10 things you need to know about the Budget

How government will raise R36 billion in revenue:

Spending will cost more

Malusi Gigaba

Malusi Gigaba delivers his 2018 Budget Speech

Government has taken the step to increase the VAT rate from 14% to 15%, raising an additional R22.9bn to meet the fee-free higher education costs and reduce debt. This does not apply to 19 basic food items which include dried beans, samp, maize meal, rice, and brown bread. Note however, that National Treasury has deemed low-GI bread and rye bread as non-essential food items and VAT will now apply.

A sugar tax is to be introduced and although the details have not yet been released, this is expected to raise an additional R1.9bn as a “health promotion” levy.

The excise duty on luxury items will increase from 7% to 9%; this includes cosmetics, electronics, smartphones and golf balls. Excise duty on motor vehicles increases from 25% to 30%. There are also increases on plastic bags and incandescent light bulbs, and ‘sin taxes’ will see increases of between 6% to 10%.

All these increases will be in addition to the VAT increase, so expect your budget to feel the pressure. These are all effective from 1 April 2018 so if you were planning on spending, you may want to do it now.

Don’t be fooled by “no increase in personal tax”

After the addition last year of an extra 45% tax bracket and percentage increases in marginal tax rates in 2016, no further personal income tax increases have been announced. However, the top four tax brackets will receive no relief from fiscal drag – in other words the tax tables will not be adjusted for inflation, while lower tax brackets will only receive partial relief. This will effectively cost income tax payers an additional R6.8bn, raising the total amount collected in personal income tax to nearly R506bn. For example, an individual earning R550 000 a year receiving an inflation-adjusted salary increase of 6% would pay an additional R8 577 in tax.

Filling up your car will be more expensive

The increases to the fuel levy and Road Accident Fund levy are significant, increasing by 22c/l and 30c/l respectively. The fuel levy increase will add R1.22bn to government revenue. This means a 50-litre tank of petrol will cost you R26 more. This brings the amount of tax we pay on fuel to R3.37/l for petrol and R3.22/l for diesel – so in total you are paying R168 in fuel levies and R96.50 to the Road Accident Fund each time you fill up.

Estate duty wealth tax

Given significant increases in capital gains tax and dividend withholding tax in the last few years, no further increases on investment taxes were announced. However, estate duty on estates worth more than R30 million will be increased from 20% to 25%. To limit the staggering of donations in an attempt to avoid the higher estate duty rate, donations above R30 million in one tax year will also be taxed at 25%. This is expected to raise R150 million in additional tax.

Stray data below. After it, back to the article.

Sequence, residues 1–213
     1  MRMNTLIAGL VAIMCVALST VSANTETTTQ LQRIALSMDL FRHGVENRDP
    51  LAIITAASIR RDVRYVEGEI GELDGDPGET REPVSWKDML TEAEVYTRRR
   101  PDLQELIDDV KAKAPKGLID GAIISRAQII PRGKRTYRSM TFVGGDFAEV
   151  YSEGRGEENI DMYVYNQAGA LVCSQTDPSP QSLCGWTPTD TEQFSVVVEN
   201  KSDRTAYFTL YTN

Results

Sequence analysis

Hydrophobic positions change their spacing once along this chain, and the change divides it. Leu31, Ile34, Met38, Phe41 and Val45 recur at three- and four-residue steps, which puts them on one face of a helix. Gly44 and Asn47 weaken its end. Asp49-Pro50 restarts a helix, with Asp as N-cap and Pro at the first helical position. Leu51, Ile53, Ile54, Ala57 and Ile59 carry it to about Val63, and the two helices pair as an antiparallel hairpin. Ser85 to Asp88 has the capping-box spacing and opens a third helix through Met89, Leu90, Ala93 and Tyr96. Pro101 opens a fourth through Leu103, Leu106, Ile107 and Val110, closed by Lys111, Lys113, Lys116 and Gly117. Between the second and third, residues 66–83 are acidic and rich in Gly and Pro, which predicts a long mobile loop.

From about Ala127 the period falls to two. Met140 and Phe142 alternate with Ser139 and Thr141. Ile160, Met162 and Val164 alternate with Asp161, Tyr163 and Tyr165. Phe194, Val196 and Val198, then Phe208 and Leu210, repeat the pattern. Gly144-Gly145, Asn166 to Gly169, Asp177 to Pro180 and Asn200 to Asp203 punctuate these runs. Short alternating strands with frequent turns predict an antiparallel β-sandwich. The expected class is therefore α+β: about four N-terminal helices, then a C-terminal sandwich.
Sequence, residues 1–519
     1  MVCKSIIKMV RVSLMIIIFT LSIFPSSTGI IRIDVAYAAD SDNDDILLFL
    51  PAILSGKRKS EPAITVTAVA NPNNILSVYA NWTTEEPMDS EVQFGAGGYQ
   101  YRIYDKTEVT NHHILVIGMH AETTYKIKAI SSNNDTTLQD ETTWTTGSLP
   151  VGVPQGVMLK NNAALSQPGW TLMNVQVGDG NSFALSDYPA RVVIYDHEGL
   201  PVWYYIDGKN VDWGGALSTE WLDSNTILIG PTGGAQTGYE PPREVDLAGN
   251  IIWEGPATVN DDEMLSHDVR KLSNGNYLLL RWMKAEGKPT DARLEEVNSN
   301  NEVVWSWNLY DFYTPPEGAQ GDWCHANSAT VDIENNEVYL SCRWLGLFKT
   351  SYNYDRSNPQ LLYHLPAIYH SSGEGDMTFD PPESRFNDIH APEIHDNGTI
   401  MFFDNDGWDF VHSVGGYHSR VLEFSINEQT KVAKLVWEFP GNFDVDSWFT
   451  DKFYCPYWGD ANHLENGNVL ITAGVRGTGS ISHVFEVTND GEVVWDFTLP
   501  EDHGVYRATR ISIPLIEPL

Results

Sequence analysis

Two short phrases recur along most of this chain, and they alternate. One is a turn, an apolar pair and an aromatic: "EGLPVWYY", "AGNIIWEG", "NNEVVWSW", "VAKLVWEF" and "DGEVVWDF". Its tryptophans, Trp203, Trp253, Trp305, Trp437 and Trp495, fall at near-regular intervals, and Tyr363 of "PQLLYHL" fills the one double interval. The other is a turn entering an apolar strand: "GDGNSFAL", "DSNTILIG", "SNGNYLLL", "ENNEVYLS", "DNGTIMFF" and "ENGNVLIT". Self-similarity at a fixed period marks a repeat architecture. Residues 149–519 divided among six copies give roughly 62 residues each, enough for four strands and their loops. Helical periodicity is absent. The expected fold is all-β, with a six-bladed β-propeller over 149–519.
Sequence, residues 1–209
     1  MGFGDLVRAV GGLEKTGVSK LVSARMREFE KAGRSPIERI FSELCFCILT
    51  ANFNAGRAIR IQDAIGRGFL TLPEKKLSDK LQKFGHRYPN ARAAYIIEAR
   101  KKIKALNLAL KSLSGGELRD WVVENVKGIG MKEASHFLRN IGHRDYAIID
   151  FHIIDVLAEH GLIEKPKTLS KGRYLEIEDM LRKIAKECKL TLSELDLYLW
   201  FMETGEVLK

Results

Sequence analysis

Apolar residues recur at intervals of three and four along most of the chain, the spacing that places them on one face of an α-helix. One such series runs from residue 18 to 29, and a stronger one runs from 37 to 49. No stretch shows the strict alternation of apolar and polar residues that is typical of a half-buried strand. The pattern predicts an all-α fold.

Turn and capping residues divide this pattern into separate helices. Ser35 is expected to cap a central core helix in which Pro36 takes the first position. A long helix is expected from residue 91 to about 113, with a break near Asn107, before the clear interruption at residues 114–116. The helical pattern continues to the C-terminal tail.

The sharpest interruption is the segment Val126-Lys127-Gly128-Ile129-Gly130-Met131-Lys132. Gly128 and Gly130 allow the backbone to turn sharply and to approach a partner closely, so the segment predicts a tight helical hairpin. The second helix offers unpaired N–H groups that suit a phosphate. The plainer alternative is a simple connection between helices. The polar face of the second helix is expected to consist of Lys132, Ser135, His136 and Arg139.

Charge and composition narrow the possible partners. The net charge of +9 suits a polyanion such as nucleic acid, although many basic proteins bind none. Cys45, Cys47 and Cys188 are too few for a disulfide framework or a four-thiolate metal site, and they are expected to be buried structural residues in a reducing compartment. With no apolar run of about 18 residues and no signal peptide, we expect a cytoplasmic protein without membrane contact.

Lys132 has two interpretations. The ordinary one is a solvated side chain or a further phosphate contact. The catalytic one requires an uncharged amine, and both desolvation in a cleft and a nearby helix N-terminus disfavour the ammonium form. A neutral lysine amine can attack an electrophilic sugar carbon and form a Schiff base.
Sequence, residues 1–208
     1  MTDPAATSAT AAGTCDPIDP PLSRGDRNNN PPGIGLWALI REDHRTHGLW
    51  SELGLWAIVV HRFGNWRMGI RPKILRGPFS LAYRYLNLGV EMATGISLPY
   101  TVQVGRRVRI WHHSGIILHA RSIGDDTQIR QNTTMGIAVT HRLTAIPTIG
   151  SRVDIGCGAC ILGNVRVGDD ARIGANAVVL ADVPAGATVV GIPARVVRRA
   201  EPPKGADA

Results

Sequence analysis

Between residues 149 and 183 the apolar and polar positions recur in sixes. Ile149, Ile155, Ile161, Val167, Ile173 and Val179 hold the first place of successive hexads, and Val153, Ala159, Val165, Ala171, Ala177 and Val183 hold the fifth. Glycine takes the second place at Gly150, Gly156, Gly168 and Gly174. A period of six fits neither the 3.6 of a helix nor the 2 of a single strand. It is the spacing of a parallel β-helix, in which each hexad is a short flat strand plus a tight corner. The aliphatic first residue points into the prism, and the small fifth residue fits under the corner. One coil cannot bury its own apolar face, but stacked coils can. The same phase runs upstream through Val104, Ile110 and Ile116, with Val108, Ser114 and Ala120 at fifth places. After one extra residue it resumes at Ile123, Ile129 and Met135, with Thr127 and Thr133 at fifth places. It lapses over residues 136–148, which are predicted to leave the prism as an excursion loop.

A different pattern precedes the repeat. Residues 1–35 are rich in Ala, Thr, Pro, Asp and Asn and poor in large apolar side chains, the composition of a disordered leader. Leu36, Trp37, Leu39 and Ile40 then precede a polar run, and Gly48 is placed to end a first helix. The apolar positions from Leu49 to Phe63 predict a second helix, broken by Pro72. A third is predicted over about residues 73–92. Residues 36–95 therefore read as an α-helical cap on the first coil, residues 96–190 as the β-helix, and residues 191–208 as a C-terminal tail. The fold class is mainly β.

Medical scheme tax credits phasing out

Although National Treasury has not scrapped the medical scheme tax credits, it is providing less-than-inflationary adjustments. Over the next three years, below-inflation increases in medical tax credits will help government to fund the rollout of national health insurance (NHI). The medical tax credit increases from R303 to R310 (2%) for the first two beneficiaries, and from R204 to R209 (2.5%) for remaining beneficiaries.

What government will spend on:

Fee-free higher education and training

This year R34.9bn will be transferred to universities and R22.8bn to the National Student Financial Aid Scheme (NSFAS).

As announced in the State of the Nation address, new first-year students with a family income below R350 000 per annum at universities and TVET colleges in the 2018 academic year will be funded for the full cost of study. This will be rolled out in subsequent years until all years of study are covered. Returning NSFAS students at university will have their loans for 2018 onwards converted to a bursary.

Over the next three years, R57 billion will be spent on higher education and training; this is the fastest-growing spending category, at an annual average growth of 13.7%. As the increases in tax revenue will not be sufficient to cover this, there will be cuts to other areas of government spending.

Increase in social grants

In order to offset the increase in VAT, an above-average increase in social grants was announced. The old age, disability and care dependency grants will increase by R90 to R1 690 on 1 April and by a further R10 to R1 700 on 1 October. The child support grant will increase from R380 to R400 and then to R410 in April and October respectively. This year a total of R259bn will be spent on social development.

NHI to get more funding

Over the next three years, an additional R4.2 billion will be allocated to the rolling out of NHI, funded by amendments to the medical expenses tax subsidy.

Boost to small business

R2.1bn will be allocated over the next three years to a small business fund developed between the departments of Small Business, Science and Technology and the National Treasury to benefit small and medium enterprises during the early start-up phase.

Still too much goes to debt

Debt-servicing will cost government R180bn this year and is expected to increase to R197bn next year. This represents over 10% of the total expenditure by government and is almost equal to how much we spend on healthcare. Government debt for 2018/19 will reach R2.7 trillion ‒ equal to 55% of our annual GDP.

This article first appeared in City Press Online.

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